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September 12, 2012
Owens' courage still relevant at AU
AUBURN -- James Owens was the first black player to suit up in an Auburn uniform during the 1969 season, but he didn't enroll with the purpose of becoming a trailblazer.
Yet that's exactly what he became.
Owens spent four seasons as a fullback on the Plains, helping Auburn go 28-5 during that span and playing a central role on the Amazin's team of 1972. The Tigers finished 10-1 that season.
He'll be feted Saturday as the first recipient of the James Owens Courage Award and he'll once again soak in the adoration of Auburn fans at Jordan-Hare Stadium.
"I've never thought anything about me having courage," Owens said, "but it's an awesome award. Excitement. Joy. Honor. And having my teammates there with me. These young guys … all went through the same struggles. We all can share in this award."
The world was much different place in 1969 when a young man from Fairfield accepted a scholarship to play football at Auburn. Only six years earlier, Gov. George Wallace made his infamous inaugural speech that championed segregation and later attempted to block the enrollment of two black students at Alabama.
Integration still was an emerging concept when Owens made his way to the Plains. Though teammates were accepting, he didn't always feel comfortable away from the football field.
Asked earlier this week about his memories of being the first black football player on scholarship, Owens said: "Fear. Not knowing what to expect. Living in a new era. Being the only one, the only one different in skin color."
Owens said he often sought counsel from basketball player Henry Harris, who was the first black athlete to earn a Auburn athletic scholarship in 1968. The two exchanged ideas, stories, anxieties about their experience.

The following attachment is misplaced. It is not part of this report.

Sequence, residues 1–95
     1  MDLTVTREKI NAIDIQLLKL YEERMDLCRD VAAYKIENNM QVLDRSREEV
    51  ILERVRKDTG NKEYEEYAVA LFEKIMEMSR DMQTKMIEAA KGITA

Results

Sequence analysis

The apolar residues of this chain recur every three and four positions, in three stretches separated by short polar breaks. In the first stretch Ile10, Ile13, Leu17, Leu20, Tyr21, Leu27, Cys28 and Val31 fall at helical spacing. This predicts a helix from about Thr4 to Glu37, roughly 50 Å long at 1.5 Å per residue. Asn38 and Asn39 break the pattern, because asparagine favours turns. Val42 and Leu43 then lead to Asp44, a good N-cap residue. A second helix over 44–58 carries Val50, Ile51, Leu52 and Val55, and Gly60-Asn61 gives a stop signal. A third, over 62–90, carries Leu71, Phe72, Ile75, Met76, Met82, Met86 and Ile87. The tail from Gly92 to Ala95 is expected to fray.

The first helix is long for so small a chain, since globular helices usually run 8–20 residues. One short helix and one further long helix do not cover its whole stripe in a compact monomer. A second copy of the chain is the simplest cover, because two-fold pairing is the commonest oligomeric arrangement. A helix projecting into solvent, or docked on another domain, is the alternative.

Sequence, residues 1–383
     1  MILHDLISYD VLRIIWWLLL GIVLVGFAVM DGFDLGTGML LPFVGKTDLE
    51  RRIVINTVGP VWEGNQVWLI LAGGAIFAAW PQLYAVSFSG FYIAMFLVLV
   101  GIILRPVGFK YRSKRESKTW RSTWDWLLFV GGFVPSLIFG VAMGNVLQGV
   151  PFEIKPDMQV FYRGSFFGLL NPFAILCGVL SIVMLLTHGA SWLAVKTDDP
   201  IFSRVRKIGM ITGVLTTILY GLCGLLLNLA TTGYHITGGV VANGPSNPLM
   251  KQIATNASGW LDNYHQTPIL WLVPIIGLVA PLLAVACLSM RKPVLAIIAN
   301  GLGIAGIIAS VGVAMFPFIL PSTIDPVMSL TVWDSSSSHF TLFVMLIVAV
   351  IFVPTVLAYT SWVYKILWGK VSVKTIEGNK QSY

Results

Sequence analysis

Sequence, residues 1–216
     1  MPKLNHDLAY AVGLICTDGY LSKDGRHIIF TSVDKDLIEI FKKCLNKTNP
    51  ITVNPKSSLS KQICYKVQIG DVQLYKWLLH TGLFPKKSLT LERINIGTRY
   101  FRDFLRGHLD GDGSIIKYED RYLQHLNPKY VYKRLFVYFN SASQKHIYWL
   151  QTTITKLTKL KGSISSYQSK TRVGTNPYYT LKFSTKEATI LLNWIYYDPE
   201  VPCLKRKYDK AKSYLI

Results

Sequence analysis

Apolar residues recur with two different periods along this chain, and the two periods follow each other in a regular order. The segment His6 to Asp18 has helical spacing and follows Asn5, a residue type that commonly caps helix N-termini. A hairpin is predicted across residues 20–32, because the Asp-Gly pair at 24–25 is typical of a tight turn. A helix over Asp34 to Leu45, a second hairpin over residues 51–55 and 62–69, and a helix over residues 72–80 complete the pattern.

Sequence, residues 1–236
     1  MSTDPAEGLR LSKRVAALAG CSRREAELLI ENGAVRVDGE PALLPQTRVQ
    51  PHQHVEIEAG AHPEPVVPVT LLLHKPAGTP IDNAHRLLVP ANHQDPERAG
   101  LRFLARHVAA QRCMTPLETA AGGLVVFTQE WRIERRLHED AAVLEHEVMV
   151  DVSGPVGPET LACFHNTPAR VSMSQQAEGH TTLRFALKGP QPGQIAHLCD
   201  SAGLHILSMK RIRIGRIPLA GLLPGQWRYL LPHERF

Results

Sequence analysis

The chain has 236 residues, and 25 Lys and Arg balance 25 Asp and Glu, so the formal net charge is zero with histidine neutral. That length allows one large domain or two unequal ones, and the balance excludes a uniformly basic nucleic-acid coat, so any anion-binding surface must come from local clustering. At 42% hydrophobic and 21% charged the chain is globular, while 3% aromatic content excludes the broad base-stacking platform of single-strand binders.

Those weren't easy days.
"I don't think I could have gotten through it without Henry," Owens said.
Generations of black players have Owens and Harris to thank for their opportunities. Auburn's football team has been wholly integrated for nearly three generations now, which means the current crop of Tigers and their parents had little or no first-hand experience with the perils of integration.
Still, defensive end LaDarius Owens does his part to spread the word about his uncle.
"The … story that I always tell is during the season he's loved, and then after the season how he had to go miles away just to get a haircut," LaDarius Owens said. "One time after a win, the team went to get something to eat. They basically told him he couldn't eat there. So all of them left with him. Just the different stuff that he had to go through, kind of touches other people and gives them an insight."
James Owens' health remains a daily issue. He's in need of a heart transplant, but diabetes and a nerve disorder add complexity to the task of restoring his body into fully operational condition.
He uses a walker. He moves slowly. He speaks slowly.
Yet he's as sharp as ever, seamlessly weaving bible verses into stories of his days on the Plains. The pastor at Pleasant Ridge Baptist Church in Dadeville still derives strength from his faith - even as his body, once Auburn's strongest, slowly begins to betray him.
"I'm 0-and-2 right now," James Owens said, alluding to the Tigers' current team, "but I'm going to keep fighting until the victory is won."
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